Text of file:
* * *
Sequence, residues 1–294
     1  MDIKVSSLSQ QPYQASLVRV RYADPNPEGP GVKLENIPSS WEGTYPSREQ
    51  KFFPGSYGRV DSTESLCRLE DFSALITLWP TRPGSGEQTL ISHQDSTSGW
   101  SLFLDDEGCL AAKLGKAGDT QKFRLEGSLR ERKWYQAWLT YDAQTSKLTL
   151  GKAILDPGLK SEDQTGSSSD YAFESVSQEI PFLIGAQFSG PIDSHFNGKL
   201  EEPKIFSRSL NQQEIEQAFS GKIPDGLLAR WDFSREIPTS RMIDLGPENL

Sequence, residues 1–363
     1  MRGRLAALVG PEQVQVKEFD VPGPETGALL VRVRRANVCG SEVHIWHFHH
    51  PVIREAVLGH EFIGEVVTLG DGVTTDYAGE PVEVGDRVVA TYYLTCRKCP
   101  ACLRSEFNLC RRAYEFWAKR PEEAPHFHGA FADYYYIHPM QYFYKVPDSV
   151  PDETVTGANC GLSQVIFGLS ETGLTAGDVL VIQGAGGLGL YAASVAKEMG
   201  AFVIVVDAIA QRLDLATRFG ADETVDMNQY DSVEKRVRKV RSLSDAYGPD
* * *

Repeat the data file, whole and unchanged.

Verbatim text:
Sequence, residues 1–294
     1  MDIKVSSLSQ QPYQASLVRV RYADPNPEGP GVKLENIPSS WEGTYPSREQ
    51  KFFPGSYGRV DSTESLCRLE DFSALITLWP TRPGSGEQTL ISHQDSTSGW
   101  SLFLDDEGCL AAKLGKAGDT QKFRLEGSLR ERKWYQAWLT YDAQTSKLTL
   151  GKAILDPGLK SEDQTGSSSD YAFESVSQEI PFLIGAQFSG PIDSHFNGKL
   201  EEPKIFSRSL NQQEIEQAFS GKIPDGLLAR WDFSREIPTS RMIDLGPENL

Sequence, residues 1–363
     1  MRGRLAALVG PEQVQVKEFD VPGPETGALL VRVRRANVCG SEVHIWHFHH
    51  PVIREAVLGH EFIGEVVTLG DGVTTDYAGE PVEVGDRVVA TYYLTCRKCP
   101  ACLRSEFNLC RRAYEFWAKR PEEAPHFHGA FADYYYIHPM QYFYKVPDSV
   151  PDETVTGANC GLSQVIFGLS ETGLTAGDVL VIQGAGGLGL YAASVAKEMG
   201  AFVIVVDAIA QRLDLATRFG ADETVDMNQY DSVEKRVRKV RSLSDAYGPD